A handful of top directors made from $13 M to $257 M in 2011, such as James Cameron and Steven Spielberg. The average movie director makes a lot less. In May 2011, the average US film director made $92,220.
Different directors can vary immensely amongst themselves, under various characteristics. Several examples are:
- Those who outline a general plotline and let the actors improvise dialogue. Notable examples include Ingmar Bergman, Christopher Guest, Wong Kar-wai, Spike Lee, Wim Wenders, Mike Leigh, Barry Levinson, Jean-Luc Godard, Miklós Jancsó, Gus Van Sant, Judd Apatow, Terrence Malick, Jay and Mark Duplass, and occasionally Robert Altman, Joe Swanberg, Sergio Leone and Federico Fellini.
- Those who control every aspect, and demand that the actors and crew follow instructions precisely. Notable examples include David Lean, Akira Kurosawa, Steven Spielberg, Ridley Scott, Victor Fleming, James Cameron, George Lucas, Stanley Kubrick, Sidney Lumet, Andrew Bujalski, Christopher Nolan, David Fincher, Guillermo del Toro and Alfred Hitchcock.
- Those who write their own screenplays. Notable examples include Woody Allen, Werner Herzog, Alejandro Jodorowsky, John Cassavetes, Ingmar Bergman, Stanley Kubrick, Quentin Tarantino, James Cameron, George Lucas, J. F. Lawton, David Cronenberg, Charlie Chaplin, Billy Wilder, Ed Wood, David Lynch, the Coen brothers, Francis Ford Coppola, Sofia Coppola, Pier Paolo Pasolini, Pedro Almodóvar, John Hughes, Nick Park, Edward Burns, Kevin Smith, Todd Field, Cameron Crowe, Terrence Malick, Oren Peli, Eli Roth, Paul Thomas Anderson, Guillermo del Toro, Rainer Werner Fassbinder, Oliver Stone, John Singleton, Spike Lee, Orson Welles, Akira Kurosawa, Hayao Miyazaki, M. Night Shyamalan, Paul Haggis, Billy Bob Thornton, James Wong, Tyler Perry, Robert Rodriguez, Christopher Nolan, George A. Romero, Sergio Leone, Satyajit Ray, Joss Whedon and David O. Russell. Steven Spielberg and Sidney J. Furie have written screenplays for a small number of their films.
- Those who collaborate on screenplays with long-standing writing partners. Notable examples include Alejandro González Iñárritu and Guillermo Arriaga, Elia Kazan and Tennessee Williams, Terry Gilliam and Charles McKeown/Tony Grisoni, Wes Anderson and Owen Wilson/Noah Baumbach, Edgar Wright and Simon Pegg, Martin Scorsese and Nicholas Pileggi/Paul Schrader/Jay Cocks, Yasujirō Ozu and Kôgo Noda, Peter Jackson and Fran Walsh, Alexander Payne and Jim Taylor, Robert Zemeckis and Bob Gale, Luis Buñuel and Jean-Claude Carrière/Luis Alcoriza, Krzysztof Kieślowski/Krzysztof Piesiewicz, Frank Capra/Robert Riskin, Michelangelo Antonioni/Tonino Guerra, Billy Wilder/I.A.L. Diamond, Sergio Leone and Sergio Donati, Guillermo del Toro and Matthew Robbins, and Christopher Nolan/Jonathan Nolan/David S. Goyer.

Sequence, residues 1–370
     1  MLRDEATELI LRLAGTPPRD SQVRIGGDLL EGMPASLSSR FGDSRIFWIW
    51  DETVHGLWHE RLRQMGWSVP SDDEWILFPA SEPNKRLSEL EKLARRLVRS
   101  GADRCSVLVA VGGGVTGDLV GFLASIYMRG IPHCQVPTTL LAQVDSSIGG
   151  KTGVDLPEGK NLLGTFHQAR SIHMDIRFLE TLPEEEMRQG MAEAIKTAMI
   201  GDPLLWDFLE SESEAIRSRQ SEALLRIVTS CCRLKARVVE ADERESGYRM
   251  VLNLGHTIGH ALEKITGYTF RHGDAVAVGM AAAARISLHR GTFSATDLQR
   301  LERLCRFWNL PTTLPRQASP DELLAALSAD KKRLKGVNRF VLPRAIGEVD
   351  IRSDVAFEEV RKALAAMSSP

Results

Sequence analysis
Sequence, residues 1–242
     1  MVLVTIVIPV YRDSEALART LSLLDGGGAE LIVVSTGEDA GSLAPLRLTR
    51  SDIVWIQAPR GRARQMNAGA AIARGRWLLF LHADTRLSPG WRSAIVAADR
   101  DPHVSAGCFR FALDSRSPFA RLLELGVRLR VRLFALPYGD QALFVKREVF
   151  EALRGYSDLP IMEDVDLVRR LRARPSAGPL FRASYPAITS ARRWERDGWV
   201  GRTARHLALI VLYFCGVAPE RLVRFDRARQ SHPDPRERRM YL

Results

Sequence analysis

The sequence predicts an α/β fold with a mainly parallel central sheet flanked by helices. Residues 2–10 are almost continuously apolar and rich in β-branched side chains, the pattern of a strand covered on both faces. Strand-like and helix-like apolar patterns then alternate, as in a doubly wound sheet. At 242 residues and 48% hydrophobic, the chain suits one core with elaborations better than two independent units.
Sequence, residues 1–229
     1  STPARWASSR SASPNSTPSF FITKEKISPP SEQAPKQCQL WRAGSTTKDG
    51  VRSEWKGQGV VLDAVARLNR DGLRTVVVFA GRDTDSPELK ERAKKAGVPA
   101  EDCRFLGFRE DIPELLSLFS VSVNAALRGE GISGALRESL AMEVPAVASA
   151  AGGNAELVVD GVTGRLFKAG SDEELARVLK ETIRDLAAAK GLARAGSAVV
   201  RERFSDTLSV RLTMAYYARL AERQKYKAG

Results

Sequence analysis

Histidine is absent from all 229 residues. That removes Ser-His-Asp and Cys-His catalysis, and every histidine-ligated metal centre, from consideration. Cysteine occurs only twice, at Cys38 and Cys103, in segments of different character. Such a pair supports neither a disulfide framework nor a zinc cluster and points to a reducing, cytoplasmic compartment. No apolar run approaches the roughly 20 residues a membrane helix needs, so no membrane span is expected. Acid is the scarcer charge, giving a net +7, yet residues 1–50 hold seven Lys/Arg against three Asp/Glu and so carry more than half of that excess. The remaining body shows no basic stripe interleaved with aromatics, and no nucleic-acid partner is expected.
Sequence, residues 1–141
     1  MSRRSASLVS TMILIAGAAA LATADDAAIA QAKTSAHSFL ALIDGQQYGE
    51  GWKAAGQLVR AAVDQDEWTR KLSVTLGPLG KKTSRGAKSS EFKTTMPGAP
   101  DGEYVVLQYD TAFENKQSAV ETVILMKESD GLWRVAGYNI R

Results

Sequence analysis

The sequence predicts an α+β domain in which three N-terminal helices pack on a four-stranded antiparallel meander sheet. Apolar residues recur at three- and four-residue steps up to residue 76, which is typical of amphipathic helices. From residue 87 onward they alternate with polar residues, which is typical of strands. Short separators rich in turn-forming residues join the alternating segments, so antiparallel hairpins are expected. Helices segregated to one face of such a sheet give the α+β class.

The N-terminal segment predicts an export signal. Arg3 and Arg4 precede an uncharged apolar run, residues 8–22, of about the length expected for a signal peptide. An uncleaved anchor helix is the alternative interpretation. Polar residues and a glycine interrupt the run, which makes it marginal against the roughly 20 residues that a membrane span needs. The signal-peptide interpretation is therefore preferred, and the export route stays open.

- Those who edit their own films. Notable examples include Akira Kurosawa, Alfonso Cuarón, Mike Cahill, Jean-Marc Vallée, Steven Soderbergh, David Lean, Don Coscarelli, Charlie Chaplin, Robert Rodriguez, James Cameron, Ed Wood, Gaspar Noe, Takeshi Kitano, John Woo, Andy Warhol, Shinya Tsukamoto, Kenneth Anger, Gregg Araki, Gus Van Sant, Xavier Dolan, Ben Wheatley, Kelly Reichardt, Leni Riefenstahl, Kevin Smith, Rodrigo Cortes, Joe Swanberg, Steve James, Jafar Panahi, Ti West, Joel and Ethan Coen and many indie, Internet and arthouse filmmakers.
- Those who shoot their own films. Notable examples include Nicolas Roeg, Mike Cahill, Peter Hyams, Steven Soderbergh, Joe Swanberg, Tony Kaye, Gaspar Noe, Gregg Araki, Robert Rodriguez, Don Coscarelli, Josef von Sternberg, Shinya Tsukamoto and Kenneth Anger.
- Those who appear in their films. Notable examples include Clint Eastwood, Orson Welles, Mel Gibson, Martin Scorsese, Peter Jackson, John Waters, John Carpenter, Spike Lee, Tyler Perry, Rainer Werner Fassbinder, Kevin Costner, Kenneth Anger, Woody Allen, Jon Favreau, Quentin Tarantino, Eli Roth, Michael Bay, Mel Brooks, Ben Stiller, Alejandro Jodorowsky, Charlie Chaplin, Terry Jones, Edward Burns, Pier Paolo Pasolini, Sam Raimi, Roman Polanski, Billy Bob Thornton, Sylvester Stallone, M. Night Shyamalan, Harold Ramis, Robert De Niro, John Woo, Kevin Smith, Doug Walker, Warren Beatty, Takeshi Kitano, Kenneth Branagh and Ed Wood. Alfred Hitchcock, Abel Ferrara, Shawn Levy, Edgar Wright and Spike Jonze made cameo appearances in their films.
- Those who compose the music score for their films. Notable examples include Charlie Chaplin, Clint Eastwood, David Lynch, Alejandro Jodorowsky, John Carpenter, Mike Figgis, Alejandro Amenábar, Satyajit Ray, Robert Rodriguez and Tom Tykwer.